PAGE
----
Clearly, my nostalgic expectations for the Olympics are unfairly high, but even recognizing that I can't help but worry about the upcoming Vancouver games. This has nothing to do with uncertainty about the US Men's Hockey team (very young, though nearly not as young as the 1980 team), or whether the Alpine team led by Bode Miller and Lindsey Vonn will again underwhelm. Nor am I talking about concerns that the sliding track is too fast , though after a Romanian luger knocked unconscious after slamming into several walls during a training run yesterday, safety worries can't be ignored.

No, instead I am nervous about the way in which I will be allowed to consume the Olympic experience. NBC has been very vocal about the exorbitant cost they paid to secure exclusive domestic broadcast rights (negotiated back when CDO was a meaningless term that only mattered to nerds at Goldman) as an excuse for their decision to cram all the high-ratings events into the "prime-time" package. Fortunately it looks as though the "minor" sports - curling, cross-country skiing, ski jumping, etc - will gain at least some airtime on the cable options (CNBC, MSNBC, USA, and my new favorite channel, Universal Sports).

I worry, however, that the main-peacock-channel programming will be virtually unwatchable - especially for those of us on the West Coast, who will be forced to watch almost everything on a three-hour delay, despite being in the same time zone as Vancouver. The last few Games, Summer and Winter, have witnessed the submission of the Olympic Spirit to the Olympic $pirit. If it can't be compressed into a twelve minute overproduced, self-contained, and overly-scripted segment, it's not worth showing, according to Dick Ebersol. Perhaps envious of Fox's lucrative and repulsive American Idol franchise, I fear we are going to be spoon-fed a three-week dose of Olympic Idol. Hopefully we'll get at least a few bits of actual sporting events in and amongst the reality show nonsense, but I'm not terribly optimistic.


Lady Gaga

There was a joke on SNL about the fact that Lady Gaga is the new creative director of Polaroid. "Similar to a Polaroid, you have to look at Lady Gaga for a few minutes before you realize what you're looking at."

We'll ignore the fact that Polaroid is at the absolute bottom so making a gamble on a pop singer probably isn't a bad bet.

The question remains though... is Lady Gaga hot or not? Catchy, yes. Wants to be hot, yes. Actually hot though? I'm kind of leaning towards yes.


The next Jose Canseco

Two sports predictions:

First, that in the next 10-20 years, the NFL will be dramatically different from the game/institution that we know today, due to (long-overdue) attention to brain trauma. Concussions will be viewed the way we now view asbestos, where the blithe and dangerous attitude of times gone by will be unfathomable.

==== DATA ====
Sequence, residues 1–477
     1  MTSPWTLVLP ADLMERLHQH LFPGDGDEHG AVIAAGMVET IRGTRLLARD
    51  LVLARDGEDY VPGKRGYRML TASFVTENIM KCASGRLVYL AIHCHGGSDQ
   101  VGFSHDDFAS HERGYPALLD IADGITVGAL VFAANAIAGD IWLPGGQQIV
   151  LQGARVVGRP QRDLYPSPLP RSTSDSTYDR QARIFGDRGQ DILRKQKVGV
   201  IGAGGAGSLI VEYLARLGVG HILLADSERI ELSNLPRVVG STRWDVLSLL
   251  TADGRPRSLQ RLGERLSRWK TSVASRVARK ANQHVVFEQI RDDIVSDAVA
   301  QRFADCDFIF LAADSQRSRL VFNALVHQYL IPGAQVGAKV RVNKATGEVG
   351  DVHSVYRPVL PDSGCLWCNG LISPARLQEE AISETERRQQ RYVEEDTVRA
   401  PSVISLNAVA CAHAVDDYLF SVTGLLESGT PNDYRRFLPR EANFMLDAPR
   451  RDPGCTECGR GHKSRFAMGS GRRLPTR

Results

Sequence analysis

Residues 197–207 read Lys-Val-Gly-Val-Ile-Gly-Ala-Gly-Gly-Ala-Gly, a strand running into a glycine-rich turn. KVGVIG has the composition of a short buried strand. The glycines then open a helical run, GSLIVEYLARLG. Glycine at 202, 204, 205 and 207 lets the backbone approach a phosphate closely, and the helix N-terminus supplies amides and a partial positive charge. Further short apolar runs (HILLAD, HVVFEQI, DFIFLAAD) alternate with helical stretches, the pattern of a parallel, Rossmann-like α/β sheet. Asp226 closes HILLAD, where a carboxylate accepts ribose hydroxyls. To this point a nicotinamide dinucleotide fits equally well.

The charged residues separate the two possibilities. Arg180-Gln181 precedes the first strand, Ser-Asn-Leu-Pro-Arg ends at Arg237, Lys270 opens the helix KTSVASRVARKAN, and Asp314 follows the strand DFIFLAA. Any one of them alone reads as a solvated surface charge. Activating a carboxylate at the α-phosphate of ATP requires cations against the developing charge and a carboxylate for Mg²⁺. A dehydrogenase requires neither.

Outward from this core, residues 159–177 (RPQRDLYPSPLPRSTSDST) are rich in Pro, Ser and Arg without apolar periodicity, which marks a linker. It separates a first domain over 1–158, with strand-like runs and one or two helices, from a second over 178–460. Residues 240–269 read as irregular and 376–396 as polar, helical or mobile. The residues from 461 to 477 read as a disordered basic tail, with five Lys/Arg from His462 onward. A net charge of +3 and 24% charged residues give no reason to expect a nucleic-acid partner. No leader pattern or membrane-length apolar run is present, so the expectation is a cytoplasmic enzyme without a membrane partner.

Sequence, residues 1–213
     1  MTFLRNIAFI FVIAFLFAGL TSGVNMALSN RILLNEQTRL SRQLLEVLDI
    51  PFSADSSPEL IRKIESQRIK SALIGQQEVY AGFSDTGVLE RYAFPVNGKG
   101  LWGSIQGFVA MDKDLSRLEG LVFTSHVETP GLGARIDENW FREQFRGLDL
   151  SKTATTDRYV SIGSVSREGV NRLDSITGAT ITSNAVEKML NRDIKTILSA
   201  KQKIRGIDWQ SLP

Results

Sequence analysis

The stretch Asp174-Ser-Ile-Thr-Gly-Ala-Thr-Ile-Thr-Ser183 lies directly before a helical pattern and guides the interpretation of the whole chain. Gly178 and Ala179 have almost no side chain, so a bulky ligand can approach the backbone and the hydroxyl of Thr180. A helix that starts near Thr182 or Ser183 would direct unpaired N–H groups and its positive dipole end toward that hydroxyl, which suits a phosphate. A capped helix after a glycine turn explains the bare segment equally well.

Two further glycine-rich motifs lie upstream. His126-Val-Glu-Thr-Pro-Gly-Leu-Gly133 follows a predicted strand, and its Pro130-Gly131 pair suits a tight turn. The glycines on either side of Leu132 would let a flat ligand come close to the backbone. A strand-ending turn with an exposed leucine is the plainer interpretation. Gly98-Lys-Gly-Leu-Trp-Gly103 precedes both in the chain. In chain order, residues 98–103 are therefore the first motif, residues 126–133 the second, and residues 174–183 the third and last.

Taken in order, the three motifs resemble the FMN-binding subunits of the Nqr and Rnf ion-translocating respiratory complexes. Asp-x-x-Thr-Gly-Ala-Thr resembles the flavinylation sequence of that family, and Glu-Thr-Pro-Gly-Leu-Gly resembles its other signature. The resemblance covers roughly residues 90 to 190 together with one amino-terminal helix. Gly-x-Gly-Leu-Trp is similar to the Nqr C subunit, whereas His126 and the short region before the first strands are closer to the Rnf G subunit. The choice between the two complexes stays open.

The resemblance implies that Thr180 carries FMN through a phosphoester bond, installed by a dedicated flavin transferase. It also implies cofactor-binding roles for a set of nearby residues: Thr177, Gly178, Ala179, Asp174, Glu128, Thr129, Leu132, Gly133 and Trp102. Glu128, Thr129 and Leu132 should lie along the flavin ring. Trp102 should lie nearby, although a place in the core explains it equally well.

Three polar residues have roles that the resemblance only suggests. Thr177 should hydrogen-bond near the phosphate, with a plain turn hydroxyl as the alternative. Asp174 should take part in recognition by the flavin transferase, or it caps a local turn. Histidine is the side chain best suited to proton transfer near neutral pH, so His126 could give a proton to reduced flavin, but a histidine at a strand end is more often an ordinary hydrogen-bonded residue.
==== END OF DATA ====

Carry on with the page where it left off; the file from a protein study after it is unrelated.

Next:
Secondly, that Tim Donaghy will eventually be viewed in the same light as Jose Canseco, and that's meant very complimentarily. Canseco was once a 'roided-up crackpot who spouted off random and crazy accusations but in the intervening decade or two has been proving correct on pretty much all counts. As for Donaghy, I present you this:

I worked a Knicks game in Madison Square Garden with him on February 26, 2007. New York shot an astounding 39 free throws that night to Miami's paltry eight. It seemed like Stafford was working for the Knicks, calling fouls on Miami like crazy. Isiah Thomas was coaching the Knicks, and after New York's four-point victory, a guy from the Knicks came to our locker room looking for Stafford, who was in the shower. He told us that Thomas sent him to retrieve Stafford's home address; apparently, Stafford had asked the coach before the game for some autographed sneakers and jerseys for his kids. Suddenly, it all made sense.

Okay, no big deal, a ref gave away one game in exchange for some stuff from a Hall-of-Famer, right? Check this out:

In the pregame meeting prior to Game 6, the league office sent down word that certain calls-calls that would have benefitted the Lakers — were being missed by the referees. This was the type of not-so-subtle information that I and other referees were left to interpret. After receiving the dispatch, Bavetta openly talked about the fact that the league wanted a Game 7.

"If we give the benefit of the calls to the team that's down in the series, nobody's going to complain. The series will be even at three apiece, and then the better team can win Game 7," Bavetta stated.

I mean, wow. Not even the Godfather himself (NBA Commish David Stern) will be able to cover this up, even if he sues both and Random House.

P.S. I have spent the last couple hours trying to figure out whether this is an april fools prank or not, given deadspin's spotty history. But I think this is legit, it just makes too much sense.